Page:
The rally in the broader market is here to stay as mid- and small-caps are on revival path, according to VK Vijayakumar, Chief Investment Strategist at Geojit Financial Services. Vijayakumar, however, believes in large caps, only private sector banking has room to go up further.
Vijayakumar added that the auto sector that has been struggling due to falling sales caused by demand slowdown for a while now is likely to turn around soon while the cement, capital goods, private banks and aviation can be the high-earning sectors for the next four to five years.
In an interview with CNBCTV18.com, Vijayakumar spoke at length about foreign institutional investments declining post Budget, the impact of coronavirus on the Indian market, trend reversal in broader markets, and the December-quarter earnings. He also shared his preferred stocks and spaces and an advice on how a new investor should enter the market now.
How do you think FIIs are taking the Budget? There haven’t been any big inflows since.
The abolition of DDT is positive for FIIs. The subdued inflows may be due to the lack of signs of economic recovery and concerns regarding the coronavirus.
Broader markets have seen a trend reversal in 2020, do you think this will continue? Why are investors moving towards midcaps, small caps now?
It is possible that the rally in the broader market might continue. The large-caps, particularly those with earnings visibility, are priced to perfection. There is no room for them to go up further, except in private sector banking, where market share gains will give room for further appreciation. Mid-and small-caps, after negative returns for two years, certainly look poised for a revival.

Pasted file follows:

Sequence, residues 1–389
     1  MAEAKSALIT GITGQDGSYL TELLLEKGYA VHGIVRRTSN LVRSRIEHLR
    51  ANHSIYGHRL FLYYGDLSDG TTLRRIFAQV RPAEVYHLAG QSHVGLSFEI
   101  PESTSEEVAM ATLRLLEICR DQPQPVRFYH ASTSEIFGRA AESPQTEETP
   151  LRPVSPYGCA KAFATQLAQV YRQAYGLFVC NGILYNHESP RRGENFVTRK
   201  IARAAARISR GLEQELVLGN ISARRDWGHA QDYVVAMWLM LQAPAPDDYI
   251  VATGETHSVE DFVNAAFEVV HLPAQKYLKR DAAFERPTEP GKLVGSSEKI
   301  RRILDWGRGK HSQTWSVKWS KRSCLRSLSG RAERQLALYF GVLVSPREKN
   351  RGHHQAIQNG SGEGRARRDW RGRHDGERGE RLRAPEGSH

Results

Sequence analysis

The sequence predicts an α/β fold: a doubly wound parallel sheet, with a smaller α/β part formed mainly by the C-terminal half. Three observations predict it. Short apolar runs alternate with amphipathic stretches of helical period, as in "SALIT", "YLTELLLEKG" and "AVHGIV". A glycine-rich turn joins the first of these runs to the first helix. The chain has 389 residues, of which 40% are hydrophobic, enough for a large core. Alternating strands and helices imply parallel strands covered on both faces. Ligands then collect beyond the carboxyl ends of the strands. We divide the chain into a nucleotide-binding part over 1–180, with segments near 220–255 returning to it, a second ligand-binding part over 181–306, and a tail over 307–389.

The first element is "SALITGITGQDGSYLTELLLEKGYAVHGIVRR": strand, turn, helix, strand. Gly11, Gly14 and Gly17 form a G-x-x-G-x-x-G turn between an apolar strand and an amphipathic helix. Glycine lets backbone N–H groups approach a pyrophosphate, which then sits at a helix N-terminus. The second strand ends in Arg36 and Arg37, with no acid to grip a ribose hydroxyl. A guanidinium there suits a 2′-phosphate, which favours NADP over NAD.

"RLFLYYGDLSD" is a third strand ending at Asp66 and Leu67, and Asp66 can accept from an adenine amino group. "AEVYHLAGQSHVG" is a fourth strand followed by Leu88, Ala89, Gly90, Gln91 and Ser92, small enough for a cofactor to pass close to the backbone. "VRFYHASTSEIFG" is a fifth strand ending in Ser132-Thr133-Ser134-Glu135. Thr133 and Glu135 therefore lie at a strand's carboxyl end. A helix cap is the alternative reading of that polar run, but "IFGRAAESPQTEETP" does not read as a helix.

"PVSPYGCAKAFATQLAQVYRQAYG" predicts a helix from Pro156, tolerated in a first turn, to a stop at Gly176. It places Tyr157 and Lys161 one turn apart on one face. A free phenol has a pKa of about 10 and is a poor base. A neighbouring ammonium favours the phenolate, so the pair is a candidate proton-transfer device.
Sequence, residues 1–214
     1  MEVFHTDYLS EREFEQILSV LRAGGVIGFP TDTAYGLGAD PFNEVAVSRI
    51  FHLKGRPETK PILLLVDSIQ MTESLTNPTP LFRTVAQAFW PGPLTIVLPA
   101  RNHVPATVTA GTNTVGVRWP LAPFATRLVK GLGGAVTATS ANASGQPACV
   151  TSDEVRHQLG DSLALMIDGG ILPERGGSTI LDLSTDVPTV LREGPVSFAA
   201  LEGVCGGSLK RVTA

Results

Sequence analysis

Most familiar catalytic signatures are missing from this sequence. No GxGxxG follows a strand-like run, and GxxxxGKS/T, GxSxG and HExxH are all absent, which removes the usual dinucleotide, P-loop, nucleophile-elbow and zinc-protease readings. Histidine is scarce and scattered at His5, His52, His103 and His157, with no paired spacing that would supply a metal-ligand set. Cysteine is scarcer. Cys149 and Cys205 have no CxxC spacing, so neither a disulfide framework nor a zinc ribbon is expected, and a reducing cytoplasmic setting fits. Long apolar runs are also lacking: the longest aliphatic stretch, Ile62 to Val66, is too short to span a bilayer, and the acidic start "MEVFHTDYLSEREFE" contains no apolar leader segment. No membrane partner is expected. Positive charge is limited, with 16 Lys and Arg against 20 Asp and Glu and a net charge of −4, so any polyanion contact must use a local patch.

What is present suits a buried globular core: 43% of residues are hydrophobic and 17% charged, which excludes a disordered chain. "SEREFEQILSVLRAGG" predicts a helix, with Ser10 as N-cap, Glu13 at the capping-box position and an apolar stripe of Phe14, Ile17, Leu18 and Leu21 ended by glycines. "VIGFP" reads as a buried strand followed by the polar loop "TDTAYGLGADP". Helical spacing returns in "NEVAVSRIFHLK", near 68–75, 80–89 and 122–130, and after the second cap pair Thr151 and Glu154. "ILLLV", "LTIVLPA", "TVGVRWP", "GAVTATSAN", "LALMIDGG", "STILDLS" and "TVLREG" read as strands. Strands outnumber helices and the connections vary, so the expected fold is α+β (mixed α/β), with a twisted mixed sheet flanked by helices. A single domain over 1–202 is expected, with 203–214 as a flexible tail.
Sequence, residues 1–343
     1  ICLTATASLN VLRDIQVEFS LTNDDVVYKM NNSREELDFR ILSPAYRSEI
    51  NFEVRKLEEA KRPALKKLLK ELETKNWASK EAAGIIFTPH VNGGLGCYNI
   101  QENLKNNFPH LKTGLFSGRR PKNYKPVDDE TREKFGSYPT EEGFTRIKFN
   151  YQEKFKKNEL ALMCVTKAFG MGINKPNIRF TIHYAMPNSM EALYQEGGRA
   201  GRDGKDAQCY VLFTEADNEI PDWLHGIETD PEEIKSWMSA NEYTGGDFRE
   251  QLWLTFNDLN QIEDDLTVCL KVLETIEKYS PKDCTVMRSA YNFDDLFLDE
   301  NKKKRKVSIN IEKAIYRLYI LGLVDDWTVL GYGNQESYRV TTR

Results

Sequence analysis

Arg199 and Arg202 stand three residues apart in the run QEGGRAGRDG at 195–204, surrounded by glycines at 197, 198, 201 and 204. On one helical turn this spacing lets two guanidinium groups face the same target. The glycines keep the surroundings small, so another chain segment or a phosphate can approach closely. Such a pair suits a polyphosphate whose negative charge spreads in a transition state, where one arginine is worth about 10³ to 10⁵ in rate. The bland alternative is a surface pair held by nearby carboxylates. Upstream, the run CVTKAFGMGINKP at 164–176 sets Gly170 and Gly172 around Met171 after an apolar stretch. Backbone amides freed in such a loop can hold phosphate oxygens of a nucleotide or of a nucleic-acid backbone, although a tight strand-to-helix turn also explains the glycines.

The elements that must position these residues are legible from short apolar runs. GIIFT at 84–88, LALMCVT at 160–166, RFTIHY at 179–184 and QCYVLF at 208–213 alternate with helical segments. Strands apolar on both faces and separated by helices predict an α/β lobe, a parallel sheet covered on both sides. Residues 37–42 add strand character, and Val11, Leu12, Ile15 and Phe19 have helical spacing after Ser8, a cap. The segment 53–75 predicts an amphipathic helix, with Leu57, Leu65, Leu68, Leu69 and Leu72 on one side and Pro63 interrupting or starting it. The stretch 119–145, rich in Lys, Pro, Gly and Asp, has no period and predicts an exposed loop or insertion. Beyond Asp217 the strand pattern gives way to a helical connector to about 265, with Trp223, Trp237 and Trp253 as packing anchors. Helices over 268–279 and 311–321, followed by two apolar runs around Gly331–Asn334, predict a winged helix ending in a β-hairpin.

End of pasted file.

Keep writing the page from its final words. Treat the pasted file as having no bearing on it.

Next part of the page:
Post Budget announcements like the abolishment of DDT or changes in tax slabs… how do you think this will impact the insurance stocks? Which ones do you prefer in the space?
Insurance stocks will continue to do reasonably well even though the new IT regime without exemptions is a dampener. Also, the insurance segment doesn’t gain from the abolition of DDT and shifting of the tax burden to dividend receivers since they do not enjoy the pass-through status enjoyed by mutual funds.
December-quarter earnings have recovered a bit compared to the last few quarters. Which could be the high growth-earning sectors in the next four to five years?
We expect autos to turn around soon. Cement, capital goods, private sector banking, and aviation can be the high-earning sectors for the next 4 to 5 years.
With the government giving a boost to EVs, what do you think will be its short-term impact in the auto space. Would you suggest any auto stocks to buy at current levels?
Even though the government is giving a boost to EVs, it will take quite some time for EVs to grow in India since creating the charging ecosystem is going to be a time-consuming affair.
Do you think the markets are fairly valued? Is it a good time for a new investor to jump in or should they wait for some consolidation?
The markets are fully valued and quality large-caps are richly valued…Investors should invest systematically without waiting for the opportune time.
Post-December-quarter earnings, what is your view of the financial sectors? Public banks, private banks or NBFCs – which do you prefer and why?
We prefer the leading private sector banks since they are gaining market share. In PSU banks the only option is the leader in the space. In NBFCs the gold loan companies look good.
Indian retail stocks are currently the most expensive retail stocks in the world. What justifies this underlying excitement or even euphoria?
It is hard to justify valuations. There is absolutely no margin of safety in this space.
Have you seen any major impact of the coronavirus in the domestic indices? How long do you think the threat may continue?
The corona concern has not yet impacted the markets. Perhaps the markets are discounting that the spread of the virus would be contained. Don’t know how long the threat would continue.
First Appeared in CNBCTV18.